Finally, how do we reconcile this data with the data from Patrick's 1944 Fighter Conference conclusions?

Voidable
11-05-2004, 03:47 PM
The corsair i think is just right, leave it alone!!!! The pilot was a wildcat ,hellcat pilot not a sar pilot a sair pilot would know that when the sar stalls her left wing drops...heck just watch the traning films .... http://forums.ubi.com/groupee_common/emoticons/icon_rolleyes.gif Dont cry about the sar it stalls if you try to turn with alot of planes why dont you fly it ? you'll see.
Maddox did a Great! job on the sar the speed the handling ,everything i was very impressed with the airbrake thought thay might leave that littel detail with the main landing gear out .anyhow beautiful job guys http://forums.ubi.com/images/smilies/11.gif http://forums.ubi.com/images/smilies/11.gif

Voidable
11-05-2004, 04:17 PM
bump

faustnik
11-05-2004, 04:37 PM
<BLOCKQUOTE class="ip-ubbcode-quote"><font size="-1">quote:</font><HR>Originally posted by AgentBif:

Faustnik, where does this data derive from? Is it real or is it from a game or something?

I am trying to understand why the Corsair would have such bad available G's when it clearly has superior wing loading vs some of those aircraft (my grasp of aerodynamics is limited). Is it because the bent shape of the Corsair wing detracts from it's ability to generate lift and so the entire wing area is effectively reduced by a significant amount? How could the Corsair be such a great climber with such bad turning ability... is it because it has great power loading?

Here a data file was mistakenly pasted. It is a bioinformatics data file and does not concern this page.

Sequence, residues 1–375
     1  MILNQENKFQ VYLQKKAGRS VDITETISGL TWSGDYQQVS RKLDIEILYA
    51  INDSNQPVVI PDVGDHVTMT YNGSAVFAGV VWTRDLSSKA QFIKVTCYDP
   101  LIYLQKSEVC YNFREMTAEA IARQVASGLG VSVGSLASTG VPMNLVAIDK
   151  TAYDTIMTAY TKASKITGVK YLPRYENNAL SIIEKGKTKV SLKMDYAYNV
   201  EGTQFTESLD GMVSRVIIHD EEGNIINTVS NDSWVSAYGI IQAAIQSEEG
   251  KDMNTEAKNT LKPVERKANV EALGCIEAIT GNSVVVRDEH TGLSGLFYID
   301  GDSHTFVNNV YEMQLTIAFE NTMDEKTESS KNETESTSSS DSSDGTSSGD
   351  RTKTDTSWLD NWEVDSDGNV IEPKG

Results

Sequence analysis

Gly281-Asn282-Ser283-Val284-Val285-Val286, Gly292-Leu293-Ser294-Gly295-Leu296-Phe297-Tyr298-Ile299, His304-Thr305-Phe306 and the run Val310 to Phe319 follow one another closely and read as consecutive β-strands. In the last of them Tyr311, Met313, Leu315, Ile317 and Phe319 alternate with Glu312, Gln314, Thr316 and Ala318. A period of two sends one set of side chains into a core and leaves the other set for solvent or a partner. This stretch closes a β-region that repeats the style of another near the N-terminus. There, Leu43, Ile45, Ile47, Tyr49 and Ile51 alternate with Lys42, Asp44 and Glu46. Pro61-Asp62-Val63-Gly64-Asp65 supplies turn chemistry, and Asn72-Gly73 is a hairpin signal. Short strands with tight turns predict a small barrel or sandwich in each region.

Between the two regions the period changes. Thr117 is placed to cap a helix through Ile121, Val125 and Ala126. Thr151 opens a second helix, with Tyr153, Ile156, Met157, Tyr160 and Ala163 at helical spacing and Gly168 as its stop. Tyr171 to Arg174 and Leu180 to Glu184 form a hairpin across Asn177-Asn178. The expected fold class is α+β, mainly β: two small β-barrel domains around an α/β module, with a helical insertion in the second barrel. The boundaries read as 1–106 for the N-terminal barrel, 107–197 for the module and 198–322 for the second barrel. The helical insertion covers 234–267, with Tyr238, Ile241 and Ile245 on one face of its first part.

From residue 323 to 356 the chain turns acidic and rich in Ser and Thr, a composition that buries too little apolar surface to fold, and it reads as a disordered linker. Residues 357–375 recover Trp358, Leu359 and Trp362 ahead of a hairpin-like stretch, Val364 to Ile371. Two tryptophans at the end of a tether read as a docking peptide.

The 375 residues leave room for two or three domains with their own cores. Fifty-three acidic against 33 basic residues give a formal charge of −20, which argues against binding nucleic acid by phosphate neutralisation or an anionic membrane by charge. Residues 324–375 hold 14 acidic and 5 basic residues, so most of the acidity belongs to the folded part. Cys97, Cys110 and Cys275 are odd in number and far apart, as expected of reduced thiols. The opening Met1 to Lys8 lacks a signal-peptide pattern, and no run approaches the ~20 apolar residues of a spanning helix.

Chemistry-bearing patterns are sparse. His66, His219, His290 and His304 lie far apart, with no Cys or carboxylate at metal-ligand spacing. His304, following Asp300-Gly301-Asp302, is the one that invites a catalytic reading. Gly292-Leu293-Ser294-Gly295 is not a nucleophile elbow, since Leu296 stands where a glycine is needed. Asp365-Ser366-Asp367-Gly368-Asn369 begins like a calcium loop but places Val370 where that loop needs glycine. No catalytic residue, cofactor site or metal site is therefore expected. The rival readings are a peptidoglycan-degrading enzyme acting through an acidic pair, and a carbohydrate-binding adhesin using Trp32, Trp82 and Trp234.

So if this table is correct, the problem with the Corsair is bad available G's... it stalls earlier than just about everything? Does that imply that it must therefore also bleed energy faster than the other aircraft listed?

Finally, how do we reconcile this data with the data from Patrick's 1944 Fighter Conference conclusions? <HR></BLOCKQUOTE>

Bif,

This chart is from "America's Hundred Thousand". The book says it came from a "World War Two Fighter Conference". From the attached text (page 603):

Hauling up in eighth place and last, perhaps surprisingly, is the F4U-1 Corsair with a minimum turn radius 212% of the FM-2, well over twice the Wildcat minimum. This result seems to be due to a relatively low maximum lift coefficient, because wing loading was not overly high. The spoiler placed on the right wing of the Corsair to eliminate an unsymmetric stall problem is suspected of dropping the overall lift coefficient considerably, in fact an NACA test report notes that this was indeed the case.

DangerForward
11-05-2004, 04:55 PM